Well, everything, really; everything went wrong and Awkward turned into Awful right from the get-go of the start of the fourth season. And this is really sad because I really, really enjoy Awkward and considering I wasn’t really the target demographic of the show, I found myself rooting for Jenna, hating her, and seeing a lot of myself back when I was that age. It was so well-written, hip-smart, clever, touching, and funny.
But in one fell swoop, MTV decided it can do away with Lauren Iungerich, the show’s creator and show runner, and replaced her with Chris Alberghini and Mike Chessler (90210, So Notorious) and instantaneously, the show lost its soul. Season 4 started and it felt like watching an episode of The Twilight Zone, except it went on for the whole season.
Myles McNutt of The AV Club got it right in this article: With a change in showrunners, MTV’s Awkward lives up to its title.
The characters just seem like shadows or hollowed out versions of their former selves and, despite all the growing up that they did in the past three seasons, they reverted back to the most derivative version of themselves come season 4. It was infuriating; especially when you consider how the show ended in season 3, with Jenna finding happiness and comfort with being her own person and dancing alone at the dance. It brought tears to my eyes.
I’m a 35 year old gay guy. In my youth, I always thought that I’d be happier if I were with someone but as I got older, I realised I needed to be me first and then, I could be ready to even think about being with someone else. Seeing this intelligent teenager finding a semblance of that wisdom after three seasons of wrong choices and allowing her emotions to get the better of her was just a triumphant moment. Then season 4 started and they threw it out of the window.
It seems that Chris Alberghini and Mike Chessler wanted to sink lower and appeal to the very basic of least common denominators and just focus on the love and sex angle which has been overplayed. Instead of moving forward, they thought it would be better to take several steps back.
And they ruined the most essential detail of Lauren Iungerich’s writing: that all the supporting characters in Jenna’s life, from Tamara, Ming, Kyle, Lissa, and even Val, were all important contrasts and counterpoints to Jenna as a person. She interacts with these people throughout the series and in the process we see who she is in comparison to them, how she’s like them and how she’s not like them, and it creates the tension to her problems and motivates her choices. She gets mad at Kyle for stalking her but she’s just as obsessed with Matty; but at the end of the day, for all his weirdness, he is in a creative writing class just like her. Instead, come fourth season, all the supporting characters have been reduced to mere punchlines. Lissa is just a crazy-ass Jesus freak. Kyle is just plain weird. It just doesn’t work.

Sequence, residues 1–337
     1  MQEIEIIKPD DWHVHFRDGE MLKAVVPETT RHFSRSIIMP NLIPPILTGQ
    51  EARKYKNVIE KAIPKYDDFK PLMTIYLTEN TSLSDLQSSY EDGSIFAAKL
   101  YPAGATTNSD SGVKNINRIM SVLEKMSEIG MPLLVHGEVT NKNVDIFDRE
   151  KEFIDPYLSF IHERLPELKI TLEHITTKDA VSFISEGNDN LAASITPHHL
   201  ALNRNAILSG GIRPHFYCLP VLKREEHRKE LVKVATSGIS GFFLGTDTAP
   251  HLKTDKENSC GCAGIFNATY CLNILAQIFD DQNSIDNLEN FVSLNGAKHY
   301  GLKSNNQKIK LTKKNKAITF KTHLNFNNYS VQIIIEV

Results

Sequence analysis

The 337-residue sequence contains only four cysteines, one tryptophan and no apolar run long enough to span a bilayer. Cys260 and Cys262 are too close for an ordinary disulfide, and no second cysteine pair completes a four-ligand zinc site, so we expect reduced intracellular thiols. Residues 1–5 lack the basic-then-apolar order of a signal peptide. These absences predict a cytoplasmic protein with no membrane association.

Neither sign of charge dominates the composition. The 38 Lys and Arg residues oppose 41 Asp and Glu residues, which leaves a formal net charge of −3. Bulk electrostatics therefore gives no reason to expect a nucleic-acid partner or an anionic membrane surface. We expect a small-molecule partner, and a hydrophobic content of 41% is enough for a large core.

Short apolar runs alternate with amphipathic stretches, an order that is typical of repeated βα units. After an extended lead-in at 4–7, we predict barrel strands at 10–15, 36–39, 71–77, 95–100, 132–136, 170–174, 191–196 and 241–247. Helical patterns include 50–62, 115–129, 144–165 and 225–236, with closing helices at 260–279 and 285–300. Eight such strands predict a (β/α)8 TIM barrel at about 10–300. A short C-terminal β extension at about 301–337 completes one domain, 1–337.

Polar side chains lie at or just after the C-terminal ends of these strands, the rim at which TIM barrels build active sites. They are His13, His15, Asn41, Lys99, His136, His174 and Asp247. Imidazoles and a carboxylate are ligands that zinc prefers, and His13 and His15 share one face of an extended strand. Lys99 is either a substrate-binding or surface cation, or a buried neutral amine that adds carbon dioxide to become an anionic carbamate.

I would laugh out loud while watching Awkward during its first three seasons, but I can only remember one or two times that I actually laughed in the fourth season. One or two times in 10 episodes!
The reason why I laughed is probably because of Sadie, the only person who the new showrunners actually did good by. Sadie is the only character in season 4 that wasn’t reduced into a caricature. She actually grew as a character and they delved into her layers and she came out the only thing in the show worth watching.
And it is sad because the actors are still amazing — all of them — but with such a pathetic storyline and a weak script, there was not much that they could do; except for Molly Tarlov, who must have had a field day and enjoying herself, because it showed and I enjoyed every minute of her.
And the introduction of the new characters just seemed like a pathetic ploy to make Awkward cooler (as if the show needed to be any cooler, which it didn’t). Eva just seemed so fake and as her character spun into Gossip Girl territory (so wrong, so off-key into the world of Awkward) and showed that Alberghini and Chessler was more involved and focused on plot and shocking the characters into life, rather than character development and theme. The two gay characters, Theo and Cole, was also off-key and didn’t do anything to improve the narrative. They were just annoying plot devices that were neither funny nor compelling. At least Clark was funny and contributed in the growth of Jenna’s character and the reality of Palos Hills significantly when he was in the show.
Such a long rant over a teenage show on MTV but Awkward was so good. A lot of people were disappointed by the third season and Jenna’s descent into the darkness and how quickly she got out of it. I excuse the speed of which things turned haywire for Jenna because, one, it was properly motivated, and, two, it is a television show with only 20 episodes of a 30-minute show to complete that story arc. And Jenna’s epiphany, dancing on her own, to Robyn’s Dancing on My Own, was just triumphant and celebratory and right. It was just right.
I loved this show. I loved the characters. I love the dynamic and the story of Jenna and Lacey and how much she has grown in three seasons. I am pissed off that MTV felt that they thought they could keep the form and build it from just the form and none of the heart and the substance which made it so great in the first place.
Bad move, MTV. I’m not watching Awkward anymore.